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Recovery-Oriented System of Care: A Recovery Community Perspective WHITE PAPER

Recovery-Oriented System of Care: A Recovery Community Perspective WHITE PAPER Pennsylvania Drug and Alcohol Coalition established in collaboration with: Pennsylvania Governor's Policy Office Department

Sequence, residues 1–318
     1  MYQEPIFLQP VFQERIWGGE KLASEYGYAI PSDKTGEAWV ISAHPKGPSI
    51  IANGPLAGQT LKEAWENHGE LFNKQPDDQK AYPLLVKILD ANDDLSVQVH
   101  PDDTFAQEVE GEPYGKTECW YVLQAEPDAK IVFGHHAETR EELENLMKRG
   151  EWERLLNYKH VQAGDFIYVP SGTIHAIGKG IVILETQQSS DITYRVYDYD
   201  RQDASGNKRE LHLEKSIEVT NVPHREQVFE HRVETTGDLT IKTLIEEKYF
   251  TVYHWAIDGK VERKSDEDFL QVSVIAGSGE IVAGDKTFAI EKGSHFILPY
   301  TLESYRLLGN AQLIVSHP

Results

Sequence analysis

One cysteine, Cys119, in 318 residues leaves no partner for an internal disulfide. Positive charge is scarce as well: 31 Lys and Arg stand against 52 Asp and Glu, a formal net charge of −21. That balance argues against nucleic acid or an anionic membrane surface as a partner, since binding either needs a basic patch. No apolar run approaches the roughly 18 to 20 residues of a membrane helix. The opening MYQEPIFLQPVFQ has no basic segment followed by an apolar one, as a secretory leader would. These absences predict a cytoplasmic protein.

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Recovery-Oriented System of Care: A Recovery Community Perspective WHITE PAPER Pennsylvania Drug and Alcohol Coalition established in collaboration with: Pennsylvania Governor's Policy Office Department of Public Welfare, Office of Mental Health & Substance Abuse Services Department of Health, Bureau of Drug and Alcohol Programs Public Domain All material appearing in this White Paper, except any taken directly from copyrighted sources, is in the public domain and may be reproduced or copied without permission from the Pennsylvania Drug and Alcohol Coalition. Citation of the source is appreciated. This material should not be reproduced and distributed for a fee without written authorization from the Pennsylvania Drug and Alcohol Coalition. This publication may be accessed electronically through the following Internet World Wide Web connections: or Acknowledgements This White Paper was prepared by members of the Recovery-based Issues Committee of the Pennsylvania Drug and Alcohol Coalition. This dedicated group spent countless hours providing expertise and support in the development of this document. Funding for this project was provided by Department of Public Welfare, Office of Mental Health and Substance Abuse Services (OMHSAS). Without their support, this endeavor would not have been possible. i Recovery-based Issues Committee Cheryl Floyd, LSW, CCDP * Committee Co-Chair Executive Director PA Recovery Organizations Alliance (PRO-A) Bev Haberle, MHS, CAC Executive Director PA Recovery Organization Achieving Community Together (PRO-ACT) Amy Hedden Drug and Alcohol Program Analyst Department of Health Bureau of Drug and Alcohol Programs Doris Lugaro Human Service Program Specialist Department of Public Welfare Office of Mental Health and Substance Abuse Services (OMHSAS) Pat Madigan Director of TA/Training PA Mental Health Consumer's Association (PMHCA) Lynda Moss-McDougall Executive Director Sankofa House for Women Denise Holden, MHS, CAC * Committee Co-Chair Chief Executive Officer The RASE Project Daniel Romage Human Services Program Specialist Department of Public Welfare, Office of Children, Youth & Families (OCYF) Robin Spencer, MHS, CCDP, MBA, MS Executive Director Message Carriers of Pennsylvania William Stauffer, LSW, CAC Program Director Halfway Home of Lehigh Valley Kathy Jo Stence Drug and Alcohol Program Analyst Department of Health Bureau of Drug and Alcohol Programs Jay Youtz, MHS, CAC Business Development and Marketing Livengrin Foundation Tim Philips, CAC Executive Director Westmoreland Community Action * co-chairs ii FORWARD The Recovery Oriented Systems of Care (ROSC) Subcommittee was formed as part of the Drug and Alcohol Coalition with the specific charge to develop this White Paper. The overarching goal of the subcommittee is to improve the system of care offered in Pennsylvania by expanding to a chronic care model of care. This attached White Paper was developed in order to inform the larger Coalition and future efforts in Pennsylvania on this historic endeavor to expand services using a Recovery Oriented System of Care model. This paper then fits into a larger process to inform and influence service development through the Department of Health, the Department of Public Welfare and beyond. During the period of time that this paper was developed, our state and nation have undergone tremendous and unprecedented economic upheaval. Limited resources and financial constraints have drastically impacted our state's ability to meet the needs of those affected by alcohol and other drug problems. We believe that every person has the right to the appropriate level of care for the appropriate amount of time. It is important to note that our subcommittee agreed early on and unanimously that to effectively change a system in such a manner, additional resources would need to be identified and developed to make it work as envisioned. We know wholeheartedly that drug and alcohol addiction is a chronic disease, and yet our systems are set up to address the needs of persons seeking help in a limited manner. Over the last several years, there has been a growing recognition across the nation that acute care systems for addiction do not adequately meet the needs of our communities in need. To be effective, we know that the development of a ROSC system will need to preserve our existing service continuum while adding additional resources to meet the needs of our communities in a thoughtful and well planned manner. It is important to remember that peer-based recovery support services should not be utilized in place of clinical care. Providing appropriate services to those in need of help for the appropriate duration of time saves lives and resources in all areas of our society. We believe that Recovery Oriented Systems of Care is a transformative process well worth pursuing but should not be undertaken in a half measured manner. Using existing acute care resources in an attempt to meet the needs of a chronic care model would result in the degradation of the entire treatment and service system available to all Pennsylvanians. iii Recovery-Oriented System of Care: A Recovery Community Perspective Executive Summary The Pennsylvania Governor s Policy Office, Pennsylvania Department of Public Welfare, Office of Mental Health and Substance Abuse Services (OMHSAS), and Pennsylvania Department of Health, Bureau of Drug and Alcohol Programs (BDAP) have been working in collaboration with multiple state and county agencies, treatment providers, and recovery community organizations across the state to conceptualize, develop, and implement a Recovery-Oriented System of Care (ROSC) in Pennsylvania that embraces and promotes recovery from alcohol and other drugs (AOD). This group, known as the Drug and Alcohol Coalition, recognizes that to effectively execute the implementation of a recovery-oriented system of care, a dramatic shift will be required in the field. Moving from the current acute care model to a chronic care approach requires the entire system to embrace a recovery management approach to support those affected by AOD problems and to expand the present continuum of care (White, 2004). The Coalition also ascertained that as this paradigm shift occurs, it is paramount that Pennsylvania utilize the recovery community in all aspects of systems transformation to ensure authenticity of services, thus assuring that the needs of individuals and families in recovery are addressed at every level of the system in order to expand opportunities for long-term recovery. This can best be achieved through the development of a ROSC. It is important to note that while the systemic implementation of a ROSC is new to Pennsylvania, the concept itself is not. Movement to a recovery management approach as a means to successfully support individuals and their families in their recovery from AOD problems has been well researched nationally and has been implemented in various venues across the country with promising success. At the Drug and Alcohol Coalition Retreat held in June 2008, subcommittees were formed to develop guidelines and best practices to be used in the development of a ROSC in Pennsylvania. Each subcommittee was charged with tasks specific to their areas of concern such as Finance, Workforce, Accessibility, Criminal Justice, and Recovery Based Issues (RBI). The RBI Committee was charged with the creation of the White Paper to determine the issues that are critical to the development of a ROSC from the perspective of individuals and families in recovery. The work done by the RBI Committee spanned over an 18-month period. The committee spent countless hours reviewing the literature published by the Center for Substance Abuse Treatment; William White; The Institute for Research, Education & Training in Addictions; Thomas A. Kirk, et al; Linda Kaplan; and others (see Reference page) in order to get a comprehensive understanding of a ROSC and how established concepts, terminologies, and implementation strategies could best be adapted for our use. In addition, the recovery community of Pennsylvania was called upon to attend meetings, provide input, and participate in surveys designed by the RBI Committee to assess the general understanding of a ROSC and Recovery Support Services and to assess areas of need when considering the establishment of such a system within the state. This input proved to be extremely valuable to the writing of this paper and can also be used to guide current and future projects. (See Needs Assessment, Appendix VI, for specific survey information). The RBI Committee recognizes that this White Paper is one of many tools that will be used in the ROSC transformation process in PA. It is our hope that this document, as well as the work 1 done by the PA D & A Coalition, will serve as the foundation for statewide system transformation that will better meet the needs of Pennsylvanians affected by this disease. Conceptual Framework The shift to a ROSC requires Pennsylvania to utilize not only therapeutic and clinical interventions as described by the PCPC (e.g. formal treatment services), but to also utilize nonclinical community-based resources that support recovery, early identification, engagement and sustention of the recovery process for individuals and families. This can, in part, be accomplished through the use of recovery support services. Through these services, individuals, families, and communities can gain access to recovery-focused services and support that will increase successful treatment completion rates, promote early re-engagement for those who have relapsed, and provide pathways to recovery for individuals not in need of clinical treatment services. Such a system would provide ongoing recovery-based services throughout the lifespan. Based on this information, the RBI Committee chose the following vision for our work: To improve the capacity to access and sustain long-term recovery for individuals in PA who are affected by addiction to alcohol and other drugs by transforming the existing system into a Recovery-Oriented System of Care. Guiding Principles of Recovery As in any system, there are Guiding Principles that are the ideals or code of conduct that defines the system s core values and priorities. Guiding Principles filter through every aspect of a system clearly identifying the moral values embedded within the system. Guiding Principles are the fundamental beliefs that guide the operation of a system throughout its life in all circumstances, irrespective of changes in its goals, strategies, type of work, or the top management. Therefore, once established, a ROSC should remain intact and authentic to the original vision, values and principles regardless of changes that occur in the implementation/execution of this system. Those values that form the Guiding Principles of a ROSC include the following beliefs about recovery: There are many pathways to recovery. Individuals are unique with specific needs, strengths, goals, attitudes, behaviors and expectations for recovery. Pathways to recovery are highly personal, and generally involve a redefinition of identity in the face of crisis or a process of progressive change. Furthermore, pathways are often social, grounded in cultural beliefs or traditions and involve informal community resources, which provide support for recovery. The pathway to recovery may include one or more episodes of psychosocial and/or pharmacological treatment. For some, recovery involves neither treatment nor involvement with mutual aid groups. Recovery is a lifelong process of change that permits an individual to make healthy choices and improve the quality of his or her life. 2 Recovery is self-directed and empowering. While the pathway to recovery may involve one or more periods of time when activities are directed or guided to a substantial degree by others, recovery is fundamentally a self-directed process. The person in recovery is the agent of recovery and has the authority to exercise choices and make decisions based on his or her recovery goals that have an impact on the process. The process of recovery leads individuals toward the highest level of autonomy of which they are capable. Through self-empowerment, individuals become optimistic about life goals. Recovery involves a personal recognition of the need for change and transformation. Individuals must accept that a problem exists and be willing to take steps to address it; these steps usually involve seeking help for alcohol and other drug dependence. The process of change can involve physical, emotional, intellectual and spiritual aspects of the person s life. Recovery is holistic. Recovery is a process through which one gradually achieves greater balance of mind, body and spirit in relation to other aspects of one s life, including family, work and community. Recovery has cultural dimensions. Each person s recovery process is unique and impacted by cultural beliefs and traditions. A person s cultural experience often shapes the recovery path that is right for him or her. Recovery exists on a continuum of improved health and wellness. Recovery is not a linear process. It is based on continual growth and improved functioning. It may involve relapse and other setbacks, which are a natural part of the continuum but not inevitable outcomes. Wellness is the result of improved care and balance of mind, body and spirit. It is a product of the recovery process. Recovery emerges from hope and gratitude. Individuals in or seeking recovery often gain hope from those who share their search for or experience of recovery. They see that people can and do overcome the obstacles that confront them and they cultivate gratitude for the opportunities that each day of recovery offers. Recovery involves a process of healing and redefinition for self and family. Recovery is a holistic healing process in which one develops a positive and meaningful sense of identity. Recovery involves addressing discrimination and transcending shame and stigma. Recovery is a process by which individuals, families and communities confront and strive to overcome discrimination, shame and stigma by advocating for self and others. Recovery is supported by peers and allies. A common denominator in the recovery process is the presence and involvement of people who contribute hope and support and suggest strategies and resources for change. Peers, as well as family members and other allies, form vital support networks for people in recovery. Providing service to others and experiencing mutual healing help create a community of support among those in recovery. 3 Recovery involves (re)joining and (re)building a life in the community. Recovery involves a process of building or rebuilding what a person has lost or never had due to his or her condition and its consequences. Recovery is building or rebuilding healthy family, social, spiritual and personal relationships. Those in recovery often achieve improvements in the quality of their lives, such as obtaining education, employment and housing. They also increasingly become involved in constructive roles in the community through helping others, productive acts and other contributions. Recovery is a reality. It can, will, and does happen. Guiding Principles are the blueprint that sets the course by which a system navigates (CSAT, 2007). Protecting and honoring the Guiding Principles of a ROSC are integral to its ongoing success and growth. Although they may be altered as necessary over time, in essence the Guiding Principles should always remain true to the original vision. Elements of a Recovery-Oriented System of Care The elements of a system, much like the Guiding Principles, are rooted in the very core of the system s values. They are the individual components that make up the whole. The elements of a system are those smaller parts that are similar to the larger system in that they can be described as common in value, behaviors and identity. Therefore, the elements of a ROSC broken down into their individual parts have recovery as their fundamental ingredient. Person-centered A ROSC is person-centered. Individuals will have a menu of choices that fit their needs throughout the recovery process. Participation inclusive of individuals and families in recovery An essential characteristic of a ROSC is the importance it places on the participation of people in recovery in all aspects and phases of the care delivery process, including financial support for individual and family involvement. Family and other ally involvement A ROSC acknowledges the important role that families and other allies can play. Family and other allies will be incorporated, with the permission of the individual, in the recovery planning and support process. They can constitute a source of support to assist individuals in entering and maintaining recovery. Additionally, systems address the prevention and early intervention, treatment, recovery and other support needs of families and other allies. Inclusion of the voices and experiences of recovering individuals and their families The voices and experiences of people in recovery and their family members contribute to the design and implementation of ROSC. People in recovery and their family members are included among decision-makers and system-level monitoring. Recovering individuals and family members are prominently and authentically represented on advisory councils, boards, task forces and committees at the federal, state and local levels. 4 Promoting access and engagement Each person who seeks services should be afforded every opportunity to access appropriate addiction treatment and recovery support. A ROSC promotes access to care by facilitating swift and uncomplicated entry and by removing barriers to receiving services (i.e. no wrong door). Engagement involves making contact with the person (as opposed to their disease), building trust over time, attending to the person s stated goals and needs and, directly or indirectly, providing a range of services in addition to clinical care. This involves linkages. Linkages For many individuals, recovery sustainability is not achieved through short episodes of treatment currently authorized by funding entities or through sporadic participation in selfhelp programs. There is often a misconception that individuals can remain in recovery without additional services and support. Linkage to recovery support services can serve to expand the capacity of formal treatment systems by promoting the initiation of recovery, reducing relapse, and intervening early when relapse occurs (Kaplan, 2008). Participation in these services will enhance long-term recovery outcomes, regardless of involvement in formal treatment. It is also critical for individuals and families to be connected to ancillary forms of support to address additional needs that directly affect the recovery process (housing, employment, medical care, etc.). By collaborating with a wide range of service and resource providers, individuals will gain access to a wider array of resources critical to the recovery process. Individualized and comprehensive services across the lifespan A ROSC offers a menu of comprehensive services which are individualized, stage-appropriate, and flexible across the lifespan. Systems will adapt to the needs of individuals, rather than requiring individuals to adapt to them. They are designed to support recovery across the lifespan. The approach to alcohol and other drug-related issues will change from an acute-based model to one that manages chronic diseases over a lifetime. Systems anchored in the community A ROSC is nested in the community for the purpose of enhancing the availability and support capacities of families, intimate social networks, community-based institutions and other communities in recovery. These systems should establish and maintain effective form